A phrase to sum up my first semester at the Massachusetts Institute of Technology Sloan School of Management? Enriching coursework, a thorough career search and self-discovery.
For me, MIT Sloan has lived up to its image: academic rigour, outstanding faculty and innovative subjects.
My autumn semester was filled with challenging core subjects, including economic analysis for business decisions and finance theory. Taught by talented professors, they incorporated radical approaches, lively class discussions and current events with seemingly simple theories. My professors and classmates would weave industry experiences and unconventional perspectives into lectures.
Our class of 393 students has been divided into six “oceans” – Atlantic, Baltic, Caribbean, Indian, Mediterranean and Pacific. Each ocean develops an internal culture and identity – wearing distinctive T-shirts, for example.
I became part of the Mediterranean ocean, with a superb core team. We worked on group projects, problem sets, case write-ups and mid-term and final reviews. I realise now that I could not have survived the core semester without my team. I particularly appreciated the close collaboration: days before exams, students would post samples, share formula sheets or invite others to join study groups.
The oceans also engaged in friendly competitions: we hosted a charity auction and raised $16,000. Each of us – including professors – donated items, ranging from a week-long holiday in Spain to driving luxury cars to offering one’s face as advertising space.
Aside from the curriculum, students can take up alternative classes on leadership, research and many activities across the schools within MIT.
About halfway through the semester comes a one-week independent activities period. I enjoyed my classes on “what every executive needs to know about getting business value from IT”, and “uncovering the leader in you”. During the winter break, I also participated in the Hong Kong banking trek, visiting banks, networking with prominent MIT alumni and touring the city.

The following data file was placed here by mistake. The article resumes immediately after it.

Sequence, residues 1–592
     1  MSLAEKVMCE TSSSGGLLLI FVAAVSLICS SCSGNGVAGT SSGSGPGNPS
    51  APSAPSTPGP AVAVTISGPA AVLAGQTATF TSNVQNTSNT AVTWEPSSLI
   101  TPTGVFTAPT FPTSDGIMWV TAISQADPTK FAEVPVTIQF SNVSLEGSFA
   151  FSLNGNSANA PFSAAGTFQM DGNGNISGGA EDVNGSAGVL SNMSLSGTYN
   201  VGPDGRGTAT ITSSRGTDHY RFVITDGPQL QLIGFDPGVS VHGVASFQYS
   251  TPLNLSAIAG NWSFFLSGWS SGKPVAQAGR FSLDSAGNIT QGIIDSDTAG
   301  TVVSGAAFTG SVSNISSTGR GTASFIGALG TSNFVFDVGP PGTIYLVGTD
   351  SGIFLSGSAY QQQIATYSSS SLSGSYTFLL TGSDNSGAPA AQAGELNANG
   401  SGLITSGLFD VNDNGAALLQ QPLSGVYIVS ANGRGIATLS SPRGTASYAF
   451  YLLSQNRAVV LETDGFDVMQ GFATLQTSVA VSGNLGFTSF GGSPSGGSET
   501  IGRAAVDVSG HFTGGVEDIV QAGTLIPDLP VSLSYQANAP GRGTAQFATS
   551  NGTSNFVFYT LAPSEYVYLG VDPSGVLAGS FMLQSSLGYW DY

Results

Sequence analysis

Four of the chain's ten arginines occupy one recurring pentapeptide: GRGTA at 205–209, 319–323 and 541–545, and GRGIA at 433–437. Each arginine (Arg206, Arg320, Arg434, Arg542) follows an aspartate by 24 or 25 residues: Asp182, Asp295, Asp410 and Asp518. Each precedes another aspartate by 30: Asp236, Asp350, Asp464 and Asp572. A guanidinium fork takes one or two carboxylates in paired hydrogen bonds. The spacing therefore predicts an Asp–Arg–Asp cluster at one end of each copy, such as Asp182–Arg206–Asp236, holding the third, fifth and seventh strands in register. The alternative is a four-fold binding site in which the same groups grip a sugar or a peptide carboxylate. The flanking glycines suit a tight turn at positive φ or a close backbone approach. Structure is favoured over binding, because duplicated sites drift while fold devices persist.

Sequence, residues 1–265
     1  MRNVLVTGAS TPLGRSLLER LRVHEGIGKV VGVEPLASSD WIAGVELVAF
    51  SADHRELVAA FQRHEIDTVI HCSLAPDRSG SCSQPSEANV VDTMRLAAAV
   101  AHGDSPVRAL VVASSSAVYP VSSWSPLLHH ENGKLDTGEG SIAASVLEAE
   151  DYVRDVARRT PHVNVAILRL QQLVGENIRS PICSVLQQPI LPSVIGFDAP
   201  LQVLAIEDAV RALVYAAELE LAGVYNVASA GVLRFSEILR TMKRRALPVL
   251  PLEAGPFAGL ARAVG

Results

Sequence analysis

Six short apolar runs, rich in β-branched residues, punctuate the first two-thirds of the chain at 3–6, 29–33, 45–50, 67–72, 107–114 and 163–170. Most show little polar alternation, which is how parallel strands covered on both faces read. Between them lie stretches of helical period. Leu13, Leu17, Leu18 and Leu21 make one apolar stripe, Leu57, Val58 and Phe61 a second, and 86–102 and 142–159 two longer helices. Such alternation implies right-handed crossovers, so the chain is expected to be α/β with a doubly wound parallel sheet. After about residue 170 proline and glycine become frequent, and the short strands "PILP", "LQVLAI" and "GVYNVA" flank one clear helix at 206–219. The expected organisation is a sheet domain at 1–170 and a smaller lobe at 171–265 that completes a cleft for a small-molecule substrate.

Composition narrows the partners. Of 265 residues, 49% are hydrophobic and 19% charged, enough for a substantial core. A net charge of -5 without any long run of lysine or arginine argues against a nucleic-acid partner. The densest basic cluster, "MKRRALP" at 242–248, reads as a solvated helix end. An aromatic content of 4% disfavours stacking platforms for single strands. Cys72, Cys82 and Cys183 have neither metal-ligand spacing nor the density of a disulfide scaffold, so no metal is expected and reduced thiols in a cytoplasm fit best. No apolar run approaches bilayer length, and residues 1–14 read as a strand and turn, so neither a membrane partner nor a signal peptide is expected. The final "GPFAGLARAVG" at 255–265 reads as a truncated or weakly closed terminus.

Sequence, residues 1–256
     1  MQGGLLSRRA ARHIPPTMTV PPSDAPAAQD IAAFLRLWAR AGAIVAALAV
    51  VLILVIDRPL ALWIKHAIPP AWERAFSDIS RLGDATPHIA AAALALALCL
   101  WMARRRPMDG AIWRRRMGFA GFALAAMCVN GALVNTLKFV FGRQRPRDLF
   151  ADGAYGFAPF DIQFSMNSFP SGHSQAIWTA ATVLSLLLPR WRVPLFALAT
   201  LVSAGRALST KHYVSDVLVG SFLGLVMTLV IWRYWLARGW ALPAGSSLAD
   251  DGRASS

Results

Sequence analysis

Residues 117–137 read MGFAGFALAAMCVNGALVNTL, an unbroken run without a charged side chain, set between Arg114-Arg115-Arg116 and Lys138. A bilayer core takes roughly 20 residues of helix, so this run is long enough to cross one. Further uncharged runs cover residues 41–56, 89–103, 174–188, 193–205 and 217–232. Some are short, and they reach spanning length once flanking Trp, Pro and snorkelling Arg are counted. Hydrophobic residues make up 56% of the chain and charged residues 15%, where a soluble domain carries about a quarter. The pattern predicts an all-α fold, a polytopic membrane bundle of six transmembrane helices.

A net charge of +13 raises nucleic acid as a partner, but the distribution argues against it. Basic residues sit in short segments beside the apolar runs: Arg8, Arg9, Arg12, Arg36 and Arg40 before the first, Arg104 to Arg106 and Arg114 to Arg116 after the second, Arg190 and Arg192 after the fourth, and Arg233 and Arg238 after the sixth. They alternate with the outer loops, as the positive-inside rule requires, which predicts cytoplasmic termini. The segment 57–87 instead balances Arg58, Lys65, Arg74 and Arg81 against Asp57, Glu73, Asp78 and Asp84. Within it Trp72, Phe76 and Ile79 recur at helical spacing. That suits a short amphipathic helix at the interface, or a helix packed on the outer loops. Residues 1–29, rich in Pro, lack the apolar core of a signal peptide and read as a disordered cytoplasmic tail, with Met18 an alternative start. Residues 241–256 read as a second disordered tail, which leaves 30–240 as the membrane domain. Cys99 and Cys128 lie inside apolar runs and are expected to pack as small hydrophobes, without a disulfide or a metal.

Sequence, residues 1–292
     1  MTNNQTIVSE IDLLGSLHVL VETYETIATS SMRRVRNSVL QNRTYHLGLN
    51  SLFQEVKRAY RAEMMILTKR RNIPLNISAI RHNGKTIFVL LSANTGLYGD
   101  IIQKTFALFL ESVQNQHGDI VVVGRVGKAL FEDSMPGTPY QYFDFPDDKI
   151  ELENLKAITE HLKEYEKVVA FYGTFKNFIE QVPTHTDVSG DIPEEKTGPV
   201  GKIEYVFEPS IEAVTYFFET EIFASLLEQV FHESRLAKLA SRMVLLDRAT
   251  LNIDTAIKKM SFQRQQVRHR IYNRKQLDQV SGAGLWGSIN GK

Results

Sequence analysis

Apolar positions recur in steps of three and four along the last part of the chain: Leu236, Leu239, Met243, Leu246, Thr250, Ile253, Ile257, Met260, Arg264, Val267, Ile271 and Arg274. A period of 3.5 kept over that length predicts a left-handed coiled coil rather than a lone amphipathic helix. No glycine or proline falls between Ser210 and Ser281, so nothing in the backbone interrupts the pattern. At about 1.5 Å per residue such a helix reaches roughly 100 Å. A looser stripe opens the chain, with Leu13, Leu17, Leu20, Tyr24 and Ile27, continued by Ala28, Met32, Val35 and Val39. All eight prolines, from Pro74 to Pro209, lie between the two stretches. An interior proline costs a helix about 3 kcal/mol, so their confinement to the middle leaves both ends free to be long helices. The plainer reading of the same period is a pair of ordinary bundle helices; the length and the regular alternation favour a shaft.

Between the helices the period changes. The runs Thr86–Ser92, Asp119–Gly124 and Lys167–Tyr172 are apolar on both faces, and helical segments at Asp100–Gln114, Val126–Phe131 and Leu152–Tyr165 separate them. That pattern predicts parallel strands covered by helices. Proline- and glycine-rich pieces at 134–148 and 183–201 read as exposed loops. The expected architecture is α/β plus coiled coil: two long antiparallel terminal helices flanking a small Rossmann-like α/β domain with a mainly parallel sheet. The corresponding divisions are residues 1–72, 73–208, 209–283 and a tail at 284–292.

On top of coursework, students are exposed to club activities, guest speakers, inter-school competitions and projects, and seminars on subjects ranging from transport and logistics to healthcare and company strategy.
Last year I was elected vice-president of Sloan Women in Management – a group dedicated to the personal and professional development of women – and was recently named co-president. As VP, I worked closely with admissions during
on-the-road presentations and online chats. As the new co-president, I will be implementing initiatives for female applicants and current students.
With the spring semester well under way I’m excited to be taking up more advanced subjects, including system dynamics – a must-take course in MIT – and China-lab, a real-life consulting project with partner schools in China.
Narrowing my choice from so many interesting subjects has not been easy. A good MBA programme enables students to achieve professional career goals. At MIT Sloan, the career development office hosts weekly sessions covering a huge range of topics, and includes mock interviews and one-on-one career advice. As well as on-campus recruiting from big companies, student-run clubs assist the career process by hosting networking events.
I went into Sloan with the goal of moving into finance, but I had only a vague idea of which field I wanted to enter. I thus attended a lot of company presentations, industry seminars and trips to companies and banks, as well as talking to second-year students.
What I found particularly helpful was the counselling provided by the careers office, as well as the insights from second-year students.
Midway through the semester, I realised I was inclined towards corporate finance: it combines my analytical skills and passion for finance with an interest in learning about industries and companies from a strategic point of view. I was surprised at the rapid pace of the whole career search: three months into the programme, I had to submit summer internship applications in time for January and February interviews.
My interview techniques were given a boost by the second-year students, who helped with questions and mock interviews. Students also provided tips on interview topics, sharing ideas and contacts within the firm as well as offering support.
The mindset is not “how can I beat the next guy beside me” but “how can we help each other get the job we want?”. This has helped me to realise that in a couple of years I will be able to count on my MIT Sloan network to help me along.
But perhaps the most valuable aspect of the MBA experience is the journey to self-discovery and the chance to meet and establish lifelong friendships with unique, brilliant individuals. I have honed skills by challenging myself to take on more leadership roles and pushed myself to join business plan competitions, attend conferences and develop networking skills.
MIT Sloan has a distinctive culture: work hard, but play harder. Each week student-run events adopt a different theme, such as Japanese or European, and classmates showcase talents such as singing or dancing.
My MBA experience has been so much more than I expected. Beyond the career boost and training,
I have met exceptional people and become
part of a supportive alumni network.